Women’s advantage for cheating heart disease

I know the benefits of regular exercise, and I make an effort to get out and walk every day.

But a weight lifter, I’m not.

Maybe you’re like me. Maybe your exercise regimen is all about aerobics, not about getting stronger.

What if I told you that, as a woman, you can add some healthy years to your life by adding a little strength training to your routine?

The research backs me up. And you don’t have to become a gym rat to make it happen.

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Women reduced cardiovascular mortality by 30 percent

Research has found that when women add strength training to their routine just two or three days per week, they can lower their risk of dying from heart disease.

Of the 400,000 people in the study, those who did regular weight training saw tremendous benefits…

“What surprised us the most was the fact that women who do muscle strengthening had a reduction in their cardiovascular mortality by 30 percent,” says Dr. Martha Gulati, director of preventive cardiology at Cedars Sinai in Los Angeles, in an interview with NPR.

“We don’t have many things that reduce mortality in that way.”

Women benefitted with less effort than men

Men and women both face serious risks from cardiovascular disease (CVD), though in different ways: Men may have a higher incidence of CVD, while clinical evidence demonstrates women have a higher rate of mortality following a sudden cardiovascular event.

One surprising finding in the study was also about differences in the sexes…

Women who trained regularly didn’t have to work as long or as hard as men did to reduce their cardiovascular risk and increase longevity.

For example, women who did moderate-intensity exercise, such as brisk walking, five times a week, reduced their risk of premature death by 24 percent, compared to just 18 percent for men.

It’s not exactly clear why, but the physiological differences between men and women, and differences in heart disease risk, might go toward explaining it.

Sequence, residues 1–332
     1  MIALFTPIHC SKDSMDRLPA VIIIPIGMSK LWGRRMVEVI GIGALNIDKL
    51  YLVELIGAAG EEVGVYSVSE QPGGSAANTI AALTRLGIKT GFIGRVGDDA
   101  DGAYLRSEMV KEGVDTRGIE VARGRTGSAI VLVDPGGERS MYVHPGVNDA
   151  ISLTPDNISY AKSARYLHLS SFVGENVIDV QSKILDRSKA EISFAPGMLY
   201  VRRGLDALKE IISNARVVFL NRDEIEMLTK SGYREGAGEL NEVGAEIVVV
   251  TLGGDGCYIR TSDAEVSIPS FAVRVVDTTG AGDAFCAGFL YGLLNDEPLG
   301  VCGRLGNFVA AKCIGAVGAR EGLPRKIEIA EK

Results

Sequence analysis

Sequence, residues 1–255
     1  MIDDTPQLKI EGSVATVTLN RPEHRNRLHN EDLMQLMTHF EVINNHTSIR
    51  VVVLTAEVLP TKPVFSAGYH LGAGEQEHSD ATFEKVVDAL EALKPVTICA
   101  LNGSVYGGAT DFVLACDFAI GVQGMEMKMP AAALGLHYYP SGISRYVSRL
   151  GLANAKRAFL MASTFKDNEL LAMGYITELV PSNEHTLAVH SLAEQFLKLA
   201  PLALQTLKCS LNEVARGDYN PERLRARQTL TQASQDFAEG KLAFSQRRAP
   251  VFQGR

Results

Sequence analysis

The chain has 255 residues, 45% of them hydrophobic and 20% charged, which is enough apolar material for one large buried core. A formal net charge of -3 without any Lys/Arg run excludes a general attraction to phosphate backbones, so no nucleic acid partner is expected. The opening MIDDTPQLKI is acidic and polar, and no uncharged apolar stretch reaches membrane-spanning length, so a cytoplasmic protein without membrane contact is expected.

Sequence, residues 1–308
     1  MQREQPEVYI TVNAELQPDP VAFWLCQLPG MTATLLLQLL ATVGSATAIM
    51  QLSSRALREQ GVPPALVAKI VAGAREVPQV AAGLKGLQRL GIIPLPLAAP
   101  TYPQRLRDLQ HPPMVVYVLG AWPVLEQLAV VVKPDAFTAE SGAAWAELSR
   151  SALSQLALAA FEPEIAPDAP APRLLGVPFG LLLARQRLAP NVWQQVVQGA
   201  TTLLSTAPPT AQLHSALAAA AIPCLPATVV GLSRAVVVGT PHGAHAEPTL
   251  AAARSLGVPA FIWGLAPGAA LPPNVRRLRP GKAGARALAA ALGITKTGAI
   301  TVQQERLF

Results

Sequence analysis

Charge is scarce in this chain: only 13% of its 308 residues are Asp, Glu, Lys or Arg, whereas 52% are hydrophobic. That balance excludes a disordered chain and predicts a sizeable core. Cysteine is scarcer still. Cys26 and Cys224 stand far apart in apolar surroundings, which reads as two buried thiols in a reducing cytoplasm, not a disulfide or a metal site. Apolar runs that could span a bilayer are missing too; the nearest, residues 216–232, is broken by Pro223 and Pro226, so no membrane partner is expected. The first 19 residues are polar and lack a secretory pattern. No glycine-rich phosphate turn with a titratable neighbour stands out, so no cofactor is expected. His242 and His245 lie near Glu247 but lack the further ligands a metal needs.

Since people born female have less muscle and aerobic capacity, they may need less exercise to change that baseline.

“It might be that this relative increase in strength [in women compared to men] is what’s driving this difference in benefit,” says Eric Shiroma, a prevention-focused researcher at the National Heart, Lung, and Blood Institute, part of the National Institutes of Health.

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What counts as strength training?

To see benefits benefits like these, you don’t need to run out and join a gym.

Strength training can be intimidating, Shiroma says. “But it’s not all bodybuilders trying to lift super amounts of weight.”

He says there are many ways to incorporate resistance training into your life besides weight machines.

Any activity that requires your muscles to work against a weight or force counts as strength training. This includes the use of resistance bands, as well as using your own body weight by doing push-ups, squats and even walking.

However, doing these things regularly seems to be key. And guess what? “The benefits start as soon as you start moving,” Shiroma says.

Other benefits of strength training

Resistance training boosts health in five other ways, which may contribute to greater longevity:

1. Strength training helps protect joints. If you have knee or hip pain, it may be because of weak muscles. Strong muscles support joints.

2. Building muscle burns more calories. Running may burn more calories in the moment. But if you build muscle, those muscles will require energy every time you use them.

3. Resistance training protects against injuries and falls. Muscle mass peaks in our 30s then starts a long, slow decline. If we don’t work against this, we end up with sarcopenia, putting us at risk of falls and fractures, as well as increasing our risk of other debilitating diseases.

4. Strength training helps control blood sugar. When we use our muscles during exercise, whether it’s pushing, pulling, lifting or moving, they require more glucose for energy. This explains why exercise after meals can help control blood sugar.

5. Muscle building may help boost our mood.  Research has shown that strength training improves symptoms of depression and anxiety. It gets your blood flowing. Makes sense, doesn’t it?

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Women who do strength training live longer. How much is enough? — NPR

Sex Differences in Association of Physical Activity With All-Cause and Cardiovascular Mortality — Journal of the American College of Cardiology

Joyce Hollman

By Joyce Hollman

Joyce Hollman is a writer based in Kennebunk, Maine, specializing in the medical/healthcare and natural/alternative health space. Health challenges of her own led Joyce on a journey to discover ways to feel better through organic living, utilizing natural health strategies. Now, practicing yoga and meditation, and working towards living in a chemical-free home, her experiences make her the perfect conduit to help others live and feel better naturally.